The early returns on Amazon making the noitaminA block exclusively theirs doesn't seem promising, and Justin wonders if this can only be a detriment to anime streaming in general.
At least 4 years ago, I believed, based on the number of illegal sites on the internet, there could never be enough sites streaming anime for legal consumption. Since then, sites like Daisuki, Viewster (at the time at least), and even FUNimation have broken into the market, and with Crunchyroll, Hulu, and Netflix, along with other sites around the world streaming anime it was a good amount, but I still thought there could always be more.
Now Amazon’s joining the game, and I thought I would be happy about that.
Then I actually found out what Amazon’s doing to ruin anime streaming.
Maybe it is far too early to have an opinion on Amazon negotiating with Fuji TV to be the exclusive provider of noitaminA shows from this point forward. They will more than likely make the titles available to people a week or two later, adopting the CR or FUNi model where they’ll just stream anime for its subscribers first, then others later. Having Amazon supporting anime is pretty major, as they have to see this medium as something that can be mainstream in the teen and adult sense, not just “for kids,” or else they wouldn’t bother. So all in all, this should be exciting news.
But then I started looking deeper into it:
- It is “Exclusive” to Amazon Prime’s service. We don’t know how long the contract between Amazon and Fuji TV is to run noitaminA shows, but let’s guess it’s between a 5-10 year window. That’s a long time to be potentially taking away an experimental block, where Crunchyroll or FUNimation can’t license it. It’s only further hampered by knowing Amazon Video is only available in the US, UK, Japan, Germany, & Austria. They have the worldwide rights to Kanaberi, which might suggest they will have worldwide rights to everything else. That’s a good way to cut off some regions.
- Getting an Amazon Prime membership is $99 for the year. It’s actually not that much, but that depends on whether or not you’ll be doing other things with that membership (like actually getting products cheap off of there). If you already have a membership, this agreement doesn’t affect you. If you don’t, then there’s no way you can watch any noitaminA show unless Amazon makes it public.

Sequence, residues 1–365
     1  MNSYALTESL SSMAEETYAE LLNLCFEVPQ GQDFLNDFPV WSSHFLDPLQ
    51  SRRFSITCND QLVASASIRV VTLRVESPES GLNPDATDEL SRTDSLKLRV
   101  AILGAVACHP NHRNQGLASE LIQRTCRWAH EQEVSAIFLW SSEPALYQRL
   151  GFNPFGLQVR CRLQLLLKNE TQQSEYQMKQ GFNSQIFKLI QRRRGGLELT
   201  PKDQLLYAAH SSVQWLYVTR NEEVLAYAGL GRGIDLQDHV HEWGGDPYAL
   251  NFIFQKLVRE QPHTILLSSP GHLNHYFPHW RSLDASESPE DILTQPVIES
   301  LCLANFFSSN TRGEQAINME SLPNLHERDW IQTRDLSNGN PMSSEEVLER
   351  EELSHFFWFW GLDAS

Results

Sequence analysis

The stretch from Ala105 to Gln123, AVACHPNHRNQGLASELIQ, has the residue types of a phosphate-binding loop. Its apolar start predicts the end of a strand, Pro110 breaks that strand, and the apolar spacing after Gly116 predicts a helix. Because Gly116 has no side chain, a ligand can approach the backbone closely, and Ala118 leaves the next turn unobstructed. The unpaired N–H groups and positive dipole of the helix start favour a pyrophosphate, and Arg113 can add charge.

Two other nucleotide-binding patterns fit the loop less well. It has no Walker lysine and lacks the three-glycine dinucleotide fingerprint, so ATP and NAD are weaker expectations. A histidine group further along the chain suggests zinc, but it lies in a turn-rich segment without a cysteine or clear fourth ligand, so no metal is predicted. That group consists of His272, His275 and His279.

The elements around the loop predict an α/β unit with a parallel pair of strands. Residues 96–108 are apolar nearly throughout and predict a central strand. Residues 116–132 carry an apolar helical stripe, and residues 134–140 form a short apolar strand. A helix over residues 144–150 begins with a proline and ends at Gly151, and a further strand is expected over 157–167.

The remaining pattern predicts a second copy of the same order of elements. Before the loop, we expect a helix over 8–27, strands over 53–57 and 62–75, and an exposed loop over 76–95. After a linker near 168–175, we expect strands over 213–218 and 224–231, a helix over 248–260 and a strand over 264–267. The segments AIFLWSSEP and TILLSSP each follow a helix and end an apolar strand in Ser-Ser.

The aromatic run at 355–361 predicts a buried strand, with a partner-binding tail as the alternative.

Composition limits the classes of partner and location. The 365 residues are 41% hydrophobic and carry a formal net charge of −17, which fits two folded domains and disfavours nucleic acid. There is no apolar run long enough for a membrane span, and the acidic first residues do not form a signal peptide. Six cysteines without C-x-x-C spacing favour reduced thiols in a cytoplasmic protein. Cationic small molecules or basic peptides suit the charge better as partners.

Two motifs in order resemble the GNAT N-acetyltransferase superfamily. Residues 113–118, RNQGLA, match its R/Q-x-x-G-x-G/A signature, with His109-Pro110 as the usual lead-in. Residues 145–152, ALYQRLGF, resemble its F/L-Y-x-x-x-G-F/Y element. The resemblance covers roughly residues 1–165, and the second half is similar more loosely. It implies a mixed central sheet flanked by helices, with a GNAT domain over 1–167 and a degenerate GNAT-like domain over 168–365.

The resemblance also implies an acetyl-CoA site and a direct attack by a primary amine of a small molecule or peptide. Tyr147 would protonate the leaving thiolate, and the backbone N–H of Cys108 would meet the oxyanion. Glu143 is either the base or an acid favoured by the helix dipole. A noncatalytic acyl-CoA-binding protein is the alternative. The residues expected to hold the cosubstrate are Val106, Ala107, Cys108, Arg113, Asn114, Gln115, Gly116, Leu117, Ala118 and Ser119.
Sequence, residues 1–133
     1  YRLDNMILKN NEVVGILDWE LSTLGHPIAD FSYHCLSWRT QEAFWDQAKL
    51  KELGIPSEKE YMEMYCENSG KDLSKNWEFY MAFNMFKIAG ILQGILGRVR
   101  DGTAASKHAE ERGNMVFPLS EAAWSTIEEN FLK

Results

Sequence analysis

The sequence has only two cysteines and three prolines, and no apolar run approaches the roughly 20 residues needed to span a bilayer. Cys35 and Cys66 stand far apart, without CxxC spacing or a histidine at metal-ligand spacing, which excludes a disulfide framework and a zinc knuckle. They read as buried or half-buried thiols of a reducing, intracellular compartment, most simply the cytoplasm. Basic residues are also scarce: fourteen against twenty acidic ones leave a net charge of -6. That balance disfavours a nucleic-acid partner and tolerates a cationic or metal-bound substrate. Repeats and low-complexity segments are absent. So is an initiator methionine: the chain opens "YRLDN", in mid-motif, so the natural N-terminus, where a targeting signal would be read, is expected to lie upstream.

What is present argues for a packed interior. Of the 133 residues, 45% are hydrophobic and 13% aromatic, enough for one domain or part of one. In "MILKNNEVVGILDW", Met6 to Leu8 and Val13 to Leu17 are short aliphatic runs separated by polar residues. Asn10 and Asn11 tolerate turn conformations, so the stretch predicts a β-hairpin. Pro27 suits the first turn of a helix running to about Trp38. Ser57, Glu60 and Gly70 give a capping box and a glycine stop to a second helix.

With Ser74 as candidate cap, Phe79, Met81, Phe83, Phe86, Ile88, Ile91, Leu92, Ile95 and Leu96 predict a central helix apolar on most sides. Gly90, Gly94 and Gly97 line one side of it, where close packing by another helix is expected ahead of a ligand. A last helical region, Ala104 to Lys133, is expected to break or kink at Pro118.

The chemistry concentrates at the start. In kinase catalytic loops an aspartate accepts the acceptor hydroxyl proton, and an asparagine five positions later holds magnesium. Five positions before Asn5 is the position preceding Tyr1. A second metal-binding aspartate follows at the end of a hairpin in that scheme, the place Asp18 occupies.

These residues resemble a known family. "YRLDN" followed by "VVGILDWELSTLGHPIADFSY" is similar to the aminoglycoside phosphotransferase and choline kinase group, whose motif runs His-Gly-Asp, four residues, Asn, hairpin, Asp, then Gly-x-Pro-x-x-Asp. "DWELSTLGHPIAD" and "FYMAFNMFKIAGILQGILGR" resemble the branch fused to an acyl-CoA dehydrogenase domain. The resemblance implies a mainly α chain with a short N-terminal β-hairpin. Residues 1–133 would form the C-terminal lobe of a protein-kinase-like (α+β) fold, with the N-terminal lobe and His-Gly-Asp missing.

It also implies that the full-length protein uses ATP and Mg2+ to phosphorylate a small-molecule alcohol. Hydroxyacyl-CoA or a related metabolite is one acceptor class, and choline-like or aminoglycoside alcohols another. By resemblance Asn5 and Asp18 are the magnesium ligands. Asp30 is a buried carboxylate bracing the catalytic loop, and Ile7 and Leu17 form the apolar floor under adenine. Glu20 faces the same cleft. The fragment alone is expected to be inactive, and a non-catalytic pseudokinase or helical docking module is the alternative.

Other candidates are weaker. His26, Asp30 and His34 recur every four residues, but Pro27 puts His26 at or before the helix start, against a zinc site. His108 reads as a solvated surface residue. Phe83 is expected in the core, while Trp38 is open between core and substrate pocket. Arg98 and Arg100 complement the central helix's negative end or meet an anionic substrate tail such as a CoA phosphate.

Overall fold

- While one person I talked to in the industry said that “everyone wants to get into the game,” it’s not a good sign that Amazon’s paying, and, from the words of Justin Sevakis who’s very well connected in the industry, “by far the highest price I’ve ever heard of being paid for anime rights — enough to pay for the entire production and then some,” this is not a good trend for acquiring anime. Competition is always a good thing, and as we have not seen Amazon do simulcasts before, we still have to know how they work in that area. But Amazon has lots of money — if this works for them, what makes you think they won’t be trying to do more exclusive deals with other providers in Japan? With Crunchyroll and FUNimation already having to do co-productions it’s generally a sign that anime is getting expensive, but if you have any idea of Amazon’s relationship with book publishers (like the contract fight with book publisher Hachette for example), they can find a way to make those companies miserable too. There’s competition, and then there’s no competition, which Amazon can most certainly attempt to try here.
The biggest thing that has happened so far is people openly admitting on social media & forums that they’ll be torrenting noitaminA anime because of this. That’s actually a shame, and I would personally say you can just wait until it becomes available for watching. However, the reason for them saying that is because we just don’t know what Amazon plans on doing with these titles. Until then, we’ll just have to see if anime will become so big that it becomes extremely mainstream, if this actually weakens the traditional anime publishers, or it turns out to be a dud.